This stage involves pinpointing your product's unique selling proposition. This underscores the particular consumer requirements your product will cater to and delineates how it stands out from its competitors. As you define the needs your product targets, you concurrently rule out certain benefits it won’t provide (yes yes yes, we shouldn't be addressing all problems in the world)
- Initiate your company vision and what general strategy you prefer to approach. It is more important if you are in hardware/consumer products business. You can use Porter’s Generic Strategies for this. Read more about this framework.
- Initiate by identifying the consumer needs you aim to fulfill.Using the Kano model, categorize needs into must have, performance and delighters and compare your product with potential competitors, to determine how you will differentiate your product. For instance: if your company and product planned to be cost leadership, you might consider only have must-have features with minimal cost. Read more about Kano model.
- Formulate everything in a paper, to make sure all stakeholders agree with this division (get buy-in), to make sure team moves in the same direction and we don't generate any waste. Read more.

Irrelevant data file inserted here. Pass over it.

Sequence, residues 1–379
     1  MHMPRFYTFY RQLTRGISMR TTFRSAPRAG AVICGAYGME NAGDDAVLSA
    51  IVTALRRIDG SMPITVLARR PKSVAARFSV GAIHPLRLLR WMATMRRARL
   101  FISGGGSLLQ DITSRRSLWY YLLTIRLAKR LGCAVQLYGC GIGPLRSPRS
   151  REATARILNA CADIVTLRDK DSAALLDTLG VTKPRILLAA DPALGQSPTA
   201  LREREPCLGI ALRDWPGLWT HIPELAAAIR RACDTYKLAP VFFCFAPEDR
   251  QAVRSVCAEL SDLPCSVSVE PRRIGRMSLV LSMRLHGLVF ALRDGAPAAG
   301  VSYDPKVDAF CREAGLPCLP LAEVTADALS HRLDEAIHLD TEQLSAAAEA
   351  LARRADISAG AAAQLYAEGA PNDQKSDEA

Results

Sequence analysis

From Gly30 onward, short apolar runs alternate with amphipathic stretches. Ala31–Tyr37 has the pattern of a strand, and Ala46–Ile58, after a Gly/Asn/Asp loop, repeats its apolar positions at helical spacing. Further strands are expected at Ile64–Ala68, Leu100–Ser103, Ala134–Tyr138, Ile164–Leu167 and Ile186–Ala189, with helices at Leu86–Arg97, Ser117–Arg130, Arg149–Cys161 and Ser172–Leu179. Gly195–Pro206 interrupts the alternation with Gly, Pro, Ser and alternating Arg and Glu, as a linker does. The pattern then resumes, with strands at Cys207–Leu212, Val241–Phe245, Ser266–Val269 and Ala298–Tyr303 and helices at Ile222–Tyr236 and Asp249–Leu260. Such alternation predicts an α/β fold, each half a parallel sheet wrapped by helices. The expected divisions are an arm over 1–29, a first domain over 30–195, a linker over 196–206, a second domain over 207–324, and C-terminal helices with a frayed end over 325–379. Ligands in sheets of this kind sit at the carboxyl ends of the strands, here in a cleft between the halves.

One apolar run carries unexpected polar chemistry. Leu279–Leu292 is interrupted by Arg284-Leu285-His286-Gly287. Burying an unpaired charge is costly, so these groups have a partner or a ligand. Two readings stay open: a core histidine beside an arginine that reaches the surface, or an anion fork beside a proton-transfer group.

- When mapping out your value proposition, anticipating the future is key. This future-centric approach minimizes the risk of charting a path that might become less relevant or suboptimal in forthcoming scenarios. Refine your prepared value preposition spreadsheet with anticipated offer in the future("later'). Read more.
4. Feature set, testing ideas and ideation MVP
With a solid grasp on your value proposition, the subsequent phase is determining the feature set for your potential minimum viable product (MVP). Instead of diving headfirst into designing a product that fulfills your entire value proposition, which could be time-consuming and fraught with risk, focus on the MVP. Your goal is to pinpoint the most basic features necessary to confirm that your trajectory is correct and test them with the customers before diving deep into production. Why we only creating concepts and planning you can understanding by reading blog post about MVP.
- Before you proceed, make sure you understand these ideas:
About different types of hypothesis testing you can read here.
About MVP testing you can read in these posts:
More statistical concepts are here.
How to determine sample size and what is confidence interval, you can read in this blog post
- Using your value preposition reiterate user stories and break them down to small pieces. Estimate using story points. Read more.
What is user stories and how to create them.
- Prioritize user stories using your MVP and ROI.
- Decide features that will go to MVP.
- Test hypothesis and MVP concept
5. Create UX and MVP
In this juncture of the Lean Product Journey, clarity emerges about the features envisioned for your MVP. The crown jewel, User Experience (UX), positioned atop the Product-Market Fit Pyramid, is the magic that animates your product's features, transforming them into tangible benefits for the user. No matter the perfection in choices made in the pyramid's preceding tiers, product-market fit remains elusive without impeccable UX. Performing all steps we already finished we minimize risk of product fail, and keep our journey to finall success.
- Step 1
- Step 2
- Step 3
Mind map for the process:
Wow. Good Job, you finished this long post. I hope you enjoyed it.